• 31. O7• Monthly Program Calls: Monthly calls are conducted to provide FSDs, SPOTCoordinators. and STSMs with updates and notification ofupcoming initiatives andchanges.• peA Visits: peA methodology will serve as a process [Of" identifying aDd addressingissues that may directly affect the success of the SPOT program. Under the peAProgram. peA Teams comprised ofhigh·performing, speciaUy·tmincd BOOs willobserve and assess SPOT operations Bt airports on lID annual basis, with the goal ofpromoting the consistent application ofSPOT pollcies and procedures. The peAAssessments will produce objoctive, quantitative data that will facilitate the analysis.identification. and tracking ofoperational issues and deficiencies that may require furtherexploration and. pOlentinUy, corrective action. Following peA visits. airports wilJreceive a structured report that analyzes tbe results oflhe PCA Teams observations andidentifies any required remediation plans. Additionally. these reports will be available toRDs, OSO Division DirectorS. the 080 Assistant Administrator and others. as necessary.The peAs will aJso serve as an additiona1 mechanism for BDOs and STSMs to providethe BDAP feedback and obtain guidance on SPOT policies and procedwcs. In the future,BDAP anticipates that airports wiU self-assess using the PCA criteria which will not onlystandardize and improve the quality of self-evaluations, but also further enhance SOAPsand airports ability to identify issues that may affect the success ofthe SPOT program.These efforts and others, including adding an aruma! BDO survey will be captured in a BOOCommunication Plan to be completed within the next 90 days. As pan ofTSAs process ofupdating its strategic plan for the SPOT program. TSA wilt review current selection, allocation,and perfonnance criteria to detennine ifchanges are warranted.FFICE OF INSPECTOR GENERALDepartment of Homeland Securitywww.oig.dhs.gov 28 OIG-13-91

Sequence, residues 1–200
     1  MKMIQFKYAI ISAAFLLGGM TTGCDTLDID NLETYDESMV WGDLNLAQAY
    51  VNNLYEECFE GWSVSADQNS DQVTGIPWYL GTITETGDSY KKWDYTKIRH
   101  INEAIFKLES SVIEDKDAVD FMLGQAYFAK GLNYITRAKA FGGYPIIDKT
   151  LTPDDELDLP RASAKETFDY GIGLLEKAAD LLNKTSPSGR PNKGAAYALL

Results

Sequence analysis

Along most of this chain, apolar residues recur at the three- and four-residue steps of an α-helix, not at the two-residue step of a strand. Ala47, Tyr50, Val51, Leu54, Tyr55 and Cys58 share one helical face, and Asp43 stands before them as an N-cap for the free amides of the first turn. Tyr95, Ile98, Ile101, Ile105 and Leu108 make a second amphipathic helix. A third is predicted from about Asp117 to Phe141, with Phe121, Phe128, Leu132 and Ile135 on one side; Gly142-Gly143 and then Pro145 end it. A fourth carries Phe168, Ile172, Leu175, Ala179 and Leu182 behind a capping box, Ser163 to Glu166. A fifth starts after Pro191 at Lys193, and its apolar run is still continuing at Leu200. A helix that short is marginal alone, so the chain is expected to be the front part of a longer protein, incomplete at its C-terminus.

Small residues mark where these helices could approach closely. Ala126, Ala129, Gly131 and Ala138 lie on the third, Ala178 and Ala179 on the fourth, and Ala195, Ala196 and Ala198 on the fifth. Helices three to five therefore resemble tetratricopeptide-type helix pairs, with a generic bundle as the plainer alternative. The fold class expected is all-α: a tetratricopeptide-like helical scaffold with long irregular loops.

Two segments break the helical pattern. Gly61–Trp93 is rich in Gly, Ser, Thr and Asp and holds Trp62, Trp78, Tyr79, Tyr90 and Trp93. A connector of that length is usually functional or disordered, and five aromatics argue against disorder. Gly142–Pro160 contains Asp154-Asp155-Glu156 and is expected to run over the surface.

• 32. OFFICE OF INSPECTOR GENERALDepartment of Homeland SecurityAppendix CSPOT Referral ProcessEstablish environmental baselineAssess behavior cues andappearance factorsPerform Walk the LineImmediate LEOnotification required?Is individual exhibitingSPOT behaviorsentering screeningprocess?Select the individual for SPOTreferral screeningDoes the individualmeet the criteria forLEO notification?Notify LEOSPOT referralComplete referral reportNoYesNoYesNo NoYesYesAllow individual to proceedLEO referralComplete incident reportComplete referral reportComplete TISS database entrySee Note 1See Note 2Source: TSANote 1: BDOs initiate brief verbal exchanges with passengers waiting in line, while observing passengers’ behaviors. Note 2: The SPOT program assigns point values to specific passenger behaviors and appearances. Passengers exhibiting behaviors that exceed the SPOT numerical threshold are referred forSPOT referral screening. The SPOT referral screening includes a search of the passenger, the passenger’spersonal property, and a review of the passenger’s identification and travel documents.www.oig.dhs.gov 29 OIG-13-91